News Movies 15/12/2004

Miramax Films leads Golden Globe Film Nominations with 15 and celebrates 25th Anniversary



NEW YORK (Miramax/ www.miramax.com) - On the eve of the Museum of Modern Art's kick-off celebration for the retrospective honoring Miramax Films' twenty-fifth year anniversary this Thursday, December 16th, Miramax Films today received a total of 15 overall Golden Globe nominations, the most for any studio, including Best Picture nominations for "The Aviator" and "Finding Neverland," and a Best Foreign Language Film nomination for "The Chorus."

The Golden Globe nominations are expected to boost the Company's box office prospects for 2005 with Martin Scorsese's highly anticipated film The Aviator (six Golden Globe nominations) opening later this month and Finding Neverland (five Golden Globe nominations) continuing to expand into additional markets.

Upcoming releases for the remainder of 2004 and early 2005 include Dimension's thriller Darkness on December 25, the Bruce Willis starrer Hostage on January 21, Bride & Prejudice on February 11, Wes Craven's Cursed on February 25, Robert Rodriguez' Sin City on April 1 and The Adventures of Sharkboy and Lavagirl in 3-D, a family film also directed by Robert Rodriguez

In addition, Miramax International has set a new record for the Company with international box office receipts for 2004 generating close to $560 million on a slate of 38 movies. With over three weeks remaining in the calendar year, including the Christmas holiday, this year's strong performance already breaks last year's record of $508 million on 47 movies.

The most significant contributions to the International box office success this year include: Scary Movie 3; Kill Bill 2; Starsky & Hutch; Cold Mountain; Shall We Dance; Spy Kids 3D; Master & Commander; Hero and early UK numbers from Finding Neverland.

This Thursday, December 16, 2004, MoMA will kick off a film retrospective to honor Miramax Film's 25-year history. The evening will begin with a special on-stage discussion between Miramax co-founders and co-chairmen Bob and Harvey Weinstein and Academy-Award winning director Quentin Tarantino followed by a screening of Tarantino's first feature film "Reservoir Dogs."
Following the kick off event, the Museum will mount a retrospective featuring the extraordinary body of work from Miramax and Dimension Films, and saluting the contributions of the Bob and Harvey Weinstein. Miramax Films will make a gift to The Museum of Modern Art of fifteen 35mm feature films chosen by the Department of Film and Media.

Miramax's fifteen Golden Globe nominations include six for The Aviator [Best Picture (Drama), Best Director for Martin Scorsese, Best Screenplay for John Logan, Best Actor (Drama) for Leonardo DiCaprio, Best Supporting Actress (Drama) for Cate Blanchett, and Best Original Score by Howard Shore], five nominations for Finding Neverland [Best Picture (Drama), Best Director for Marc Forster, Best Screenplay for David Magee, Best Actor (Drama) for Johnny Depp, Best Original Score by Jan A.P. Kaczmarek], two for Kill Bill Vol. 2 [Best Actress (Drama) for Uma Thurman and Best Supporting Actor (Drama) for David Carradine], Best Foreign Language Film for The Chorus, and Best Actress (Musical or Comedy) for Renee Zellweger's performance in Bridget Jones: The Edge of Reason.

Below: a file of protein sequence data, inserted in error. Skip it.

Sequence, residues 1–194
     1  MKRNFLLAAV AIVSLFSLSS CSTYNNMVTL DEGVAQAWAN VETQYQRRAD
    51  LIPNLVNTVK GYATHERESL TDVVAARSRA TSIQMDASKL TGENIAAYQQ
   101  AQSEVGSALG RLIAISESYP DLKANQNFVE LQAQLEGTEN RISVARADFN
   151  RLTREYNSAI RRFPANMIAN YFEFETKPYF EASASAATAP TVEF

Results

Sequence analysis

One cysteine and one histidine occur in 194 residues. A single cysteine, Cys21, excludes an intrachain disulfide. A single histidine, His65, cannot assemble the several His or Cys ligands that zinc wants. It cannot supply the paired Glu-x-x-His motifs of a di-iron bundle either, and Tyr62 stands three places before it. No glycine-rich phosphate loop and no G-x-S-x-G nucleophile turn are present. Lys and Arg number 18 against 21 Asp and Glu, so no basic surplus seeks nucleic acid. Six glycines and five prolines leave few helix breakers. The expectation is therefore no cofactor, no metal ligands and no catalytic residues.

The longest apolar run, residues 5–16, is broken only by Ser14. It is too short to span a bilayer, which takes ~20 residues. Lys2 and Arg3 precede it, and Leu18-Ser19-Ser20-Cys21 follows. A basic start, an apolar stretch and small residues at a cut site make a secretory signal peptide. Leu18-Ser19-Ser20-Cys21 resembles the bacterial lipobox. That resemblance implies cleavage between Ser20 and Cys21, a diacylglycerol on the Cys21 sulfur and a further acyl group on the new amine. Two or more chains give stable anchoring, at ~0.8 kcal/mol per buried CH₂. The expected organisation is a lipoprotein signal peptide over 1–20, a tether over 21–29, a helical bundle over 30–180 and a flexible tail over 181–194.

The retrospective will be held in two phases, in the winter and summer of 2005, and will feature a selection of fifty significant films that have been distributed and/or produced by Miramax and its division, Dimension. The titles to be shown include: Amelie (Directed by Jean-Pierre Jeunet, 2001), Bad Santa (Directed by Terry Zwigoff, 2003), Barbarian Invasions (Directed by Denys Arcand, 2003), Krzysztof Kieslowski's Blue (1993), White (1994) and Red (1994), Bullets Over Broadway (Directed by Woody Allen, 1994), Chicago (Directed by Rob Marshall, 2002), The Chorus (Les Choristes) (Directed by Christophe Barratier, 2004), Chunking Express (Directed by Wong Kar Wai, 1994), Cider House Rules (Directed by Lasse Hallstrom, 1999), Cinema Paradiso (Directed Giuseppe Tornatore, 1989), City of God (Directed by Katia Lund and Fernando Meirelles, 2002), Clerks (Directed by Kevin Smith, 1994), The Cook, The Thief, His Wife and Her Lover (Directed by Peter Greenaway, 1989), The Crying Game (Directed by Neil Jordan, 1992), Dead Man (Directed by Jim Jarmusch, 1995), Dirty Pretty Things (Directed by Stephen Frears, 2002), English Patient (Directed by Anthony Minghella, 1996), Exotica (Directed by Atom Egoyan, 1994), Farewell My Concubine (Directed by Kaige Chen, 1993), From Dusk Til Dawn (Directed by Robert Rodriguez, 1996), Gangs of New York (Directed by Martin Scorsese, 2002), Good Will Hunting (Directed by Gus Van Sant, 1997), The Grifters (Directed by Stephen Frears, 1990), Heavenly Creatures (Directed by Peter Jackson, 1994), Holy Smoke (Directed by Jane Campion, 1999), I've Heard the Mermaids Singing (Directed Patricia Rozema, 1987), Il Postino (Directed by Michael Radford, 1994), In the Bedroom (Directed by Todd Field, 2001), Jackie Brown (Directed by Quentin Tarantino, 1997), Ju Dou (Directed by Yeng Fengliang and Yimou Zhang, 1990), Life is Beautiful (Directed by Roberto Benigni, 1997), Like Water For Chocolate (Directed by Alfanso Arau, 1992), Mimic (Directed by Guillermo del Toro, 1997), My Left Foot (Directed by Jim Sheridan, 1989), The Others (Directed by Alejandro Amenabar, 2001), Paris is Burning (Directed by Jennie Livingston, 1990), The Piano (Directed by Jane Campion, 1993), Priest (Directed by Jane Campion, 1994), Princess Mononoke (Directed by Hayao Miyazaki, 1997), Pulp Fiction (Directed Quentin Tarantino, 1994), Scary Movie (Directed Keenen Ivory Wayans, 2000), Scream (Directed by Wes Craven, 1996), Shakespeare in Love (Directed by John Madden, 1998), Shall We Dance (Directed by Masayuki Suo, 1996), Sling Blade (Directed by Billy Bob Thornton, 1992), Spy Kids (Directed by Robert Rodriguez, 2001), Strictly Ballroom (Directed by Baz Luhrmann, 1992), Swingers (Directed by Doug Liman, 1996), Through the Olive Trees (Directed by Abbas Kiarostami, 1994), and Trainspotting (Directed by Danny Boyle, 1996).